Personally, I’m developing original art/design projects that I hope to start making available to the public starting in 2019.

interview

MOM Interview: Michael Bross

Michael Bross, a veteran composer in the video game industry, is best known amongst Oddworld fans for being the musical mastermind behind Munch’s Oddysee and Stranger’s Wrath. More recently, he did the soundtrack for New ‘n’ Tasty and was involved at the beginning of Soulstorm‘s development. We want to thank him for taking time out to answer our questions.

bross

Magog on the March: You were the musical mastermind behind Munch’s Oddysee and Stranger’s Wrath, and you also returned to compose the New ‘n’ Tasty soundtrack. Did you contribute to the Oddworld franchise in any other way, such as helping to develop characters, locations, ideas or concepts? I ask because you’ve stated previously that you write short stories.

Michael Bross: I also contributed to sound design along with vocalizations of the some of the characters. The vocalizations really helped shape the characters themselves and who they are, so this was really a fun part of development. We had a lot of laughs.

When recording voices, I sometimes would wrote some of the scripts for the game characters at some of the locations in Stranger’s Wrath, though the design team handled most of that work. Really, most of my contributions are on the music and sound side of those games.

Magog on the March: You have said that Oddworld Inhabitants picked you out of 150 applicants. What were Oddworld Inhabitants looking for in a composer? What made you the right candidate?

Michael Bross: Actually, I was picked out of approximately 500 applicants. They were looking for someone who could conjure the right emotions through the music while also creating something unique. For me, luckily, I had a lot of experience working on games already, so that made it easier for me to hit the ground running there.

Magog on the March: Apparently, you weren’t familiar with the first two Oddworld games during the production of Munch’s Oddysee. What was Lorne Lanning’s expectations for the Munch’s Oddysee soundtrack?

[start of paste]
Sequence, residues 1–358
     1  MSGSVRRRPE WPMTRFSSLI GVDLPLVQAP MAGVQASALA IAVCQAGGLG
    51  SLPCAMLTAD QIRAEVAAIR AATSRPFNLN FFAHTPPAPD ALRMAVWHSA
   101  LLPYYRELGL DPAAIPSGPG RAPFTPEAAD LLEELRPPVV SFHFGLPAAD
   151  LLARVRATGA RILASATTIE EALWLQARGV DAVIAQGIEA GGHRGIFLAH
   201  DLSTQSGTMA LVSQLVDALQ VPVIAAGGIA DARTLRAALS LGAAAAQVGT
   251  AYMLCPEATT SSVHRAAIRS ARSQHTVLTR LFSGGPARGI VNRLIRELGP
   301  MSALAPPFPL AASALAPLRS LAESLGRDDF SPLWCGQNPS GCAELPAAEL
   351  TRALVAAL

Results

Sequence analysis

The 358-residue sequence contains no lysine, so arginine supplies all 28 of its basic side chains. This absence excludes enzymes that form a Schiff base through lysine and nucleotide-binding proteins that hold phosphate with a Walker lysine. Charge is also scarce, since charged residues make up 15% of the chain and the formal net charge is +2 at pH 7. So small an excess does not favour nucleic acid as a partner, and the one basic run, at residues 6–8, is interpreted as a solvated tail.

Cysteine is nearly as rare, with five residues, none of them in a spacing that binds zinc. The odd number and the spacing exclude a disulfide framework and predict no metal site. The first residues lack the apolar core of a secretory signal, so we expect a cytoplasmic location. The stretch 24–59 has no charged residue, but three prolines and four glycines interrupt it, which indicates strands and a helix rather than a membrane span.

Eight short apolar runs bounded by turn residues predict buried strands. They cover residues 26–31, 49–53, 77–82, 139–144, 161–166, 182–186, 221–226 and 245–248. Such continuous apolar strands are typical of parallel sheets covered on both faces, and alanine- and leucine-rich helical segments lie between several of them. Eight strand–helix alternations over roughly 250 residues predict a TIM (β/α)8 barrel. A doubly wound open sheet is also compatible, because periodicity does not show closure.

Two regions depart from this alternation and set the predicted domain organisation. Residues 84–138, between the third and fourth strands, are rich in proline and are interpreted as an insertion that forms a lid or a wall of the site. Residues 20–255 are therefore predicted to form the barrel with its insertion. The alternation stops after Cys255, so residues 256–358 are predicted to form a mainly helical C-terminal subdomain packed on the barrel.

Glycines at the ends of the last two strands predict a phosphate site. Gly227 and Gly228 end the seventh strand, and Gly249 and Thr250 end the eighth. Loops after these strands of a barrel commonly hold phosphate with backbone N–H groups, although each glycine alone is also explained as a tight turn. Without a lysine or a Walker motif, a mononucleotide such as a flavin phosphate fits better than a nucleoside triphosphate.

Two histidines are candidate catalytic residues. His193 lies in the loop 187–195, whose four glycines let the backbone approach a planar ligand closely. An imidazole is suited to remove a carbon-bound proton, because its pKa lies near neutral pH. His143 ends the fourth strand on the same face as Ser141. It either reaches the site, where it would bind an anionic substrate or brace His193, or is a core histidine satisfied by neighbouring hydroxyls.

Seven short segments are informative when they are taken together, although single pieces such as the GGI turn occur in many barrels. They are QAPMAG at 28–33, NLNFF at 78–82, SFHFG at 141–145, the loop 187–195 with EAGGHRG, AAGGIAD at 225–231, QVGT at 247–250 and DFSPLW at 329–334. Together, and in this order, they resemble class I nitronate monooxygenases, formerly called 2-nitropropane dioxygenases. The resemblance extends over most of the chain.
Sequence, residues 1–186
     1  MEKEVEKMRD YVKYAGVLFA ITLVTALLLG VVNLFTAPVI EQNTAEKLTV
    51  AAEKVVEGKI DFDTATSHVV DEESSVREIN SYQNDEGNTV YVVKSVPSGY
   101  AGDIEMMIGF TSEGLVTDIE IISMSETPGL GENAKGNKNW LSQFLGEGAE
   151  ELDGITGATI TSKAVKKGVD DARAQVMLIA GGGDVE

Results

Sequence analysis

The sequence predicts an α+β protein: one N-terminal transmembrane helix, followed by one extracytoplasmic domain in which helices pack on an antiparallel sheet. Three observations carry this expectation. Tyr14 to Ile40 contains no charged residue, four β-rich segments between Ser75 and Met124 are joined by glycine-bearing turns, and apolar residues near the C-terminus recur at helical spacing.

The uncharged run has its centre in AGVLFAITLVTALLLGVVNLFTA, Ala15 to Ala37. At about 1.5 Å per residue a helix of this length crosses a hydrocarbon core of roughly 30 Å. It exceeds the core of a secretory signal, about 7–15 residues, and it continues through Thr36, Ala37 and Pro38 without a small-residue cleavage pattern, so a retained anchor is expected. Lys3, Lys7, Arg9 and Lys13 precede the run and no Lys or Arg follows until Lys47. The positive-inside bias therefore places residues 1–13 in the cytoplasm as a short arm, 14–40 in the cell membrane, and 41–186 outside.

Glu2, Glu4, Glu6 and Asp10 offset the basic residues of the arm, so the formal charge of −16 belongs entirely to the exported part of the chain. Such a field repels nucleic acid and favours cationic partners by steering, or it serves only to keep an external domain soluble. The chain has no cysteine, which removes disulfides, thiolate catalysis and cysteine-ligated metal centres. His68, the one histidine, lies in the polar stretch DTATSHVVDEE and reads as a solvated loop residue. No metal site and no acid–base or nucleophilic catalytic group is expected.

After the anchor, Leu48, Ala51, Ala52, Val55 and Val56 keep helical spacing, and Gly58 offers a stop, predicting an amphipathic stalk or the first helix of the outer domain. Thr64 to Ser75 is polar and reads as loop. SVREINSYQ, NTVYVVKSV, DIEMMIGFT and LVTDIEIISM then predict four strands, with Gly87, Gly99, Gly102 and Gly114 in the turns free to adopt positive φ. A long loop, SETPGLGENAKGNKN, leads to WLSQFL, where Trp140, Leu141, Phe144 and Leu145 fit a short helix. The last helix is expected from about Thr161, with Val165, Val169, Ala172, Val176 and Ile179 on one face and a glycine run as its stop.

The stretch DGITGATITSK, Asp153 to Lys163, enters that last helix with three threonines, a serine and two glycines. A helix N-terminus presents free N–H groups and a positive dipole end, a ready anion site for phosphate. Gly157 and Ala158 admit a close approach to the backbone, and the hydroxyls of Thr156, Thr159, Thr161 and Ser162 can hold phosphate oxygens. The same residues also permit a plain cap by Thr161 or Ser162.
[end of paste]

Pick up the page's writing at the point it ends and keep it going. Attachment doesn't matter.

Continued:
Michael Bross: I did have some familiarity with the earlier games but I didn’t necessarily always follow the musical formula that was chiseled out before. Munch and Stranger, both being in 3D worlds, allowed me to think about how to approach music differently for those games. I did get some inspiration from the earlier soundtracks but Lorne also encouraged me to do something that was my own.

Magog on the March: Were you ever in contact with Ellen Meijers or Josh Gabriel? Did they influence your direction with the Oddworld soundtracks at all?

Michael Bross: I met Josh when I initially interviewed at Oddworld. With Ellen, I did talk to her a few months later but we didn’t have any discussions related to the projects. Josh and I still keep in touch here and there. Really, both Ellen and Josh contributed so much to Oddworld in the early days.

Magog on the March: You have described Lorne Lanning as a “friend” and “brother”. What is it like to work with him?

Michael Bross: He is inspiring to work with, and I have also found he challenges how I think about the work I do. There’s so much I’ve learned from working with him. He can also be tough and demanding, but I am grateful for the time I’ve gotten to work with him.

Magog on the March: What is your favourite game in the Oddworld franchise?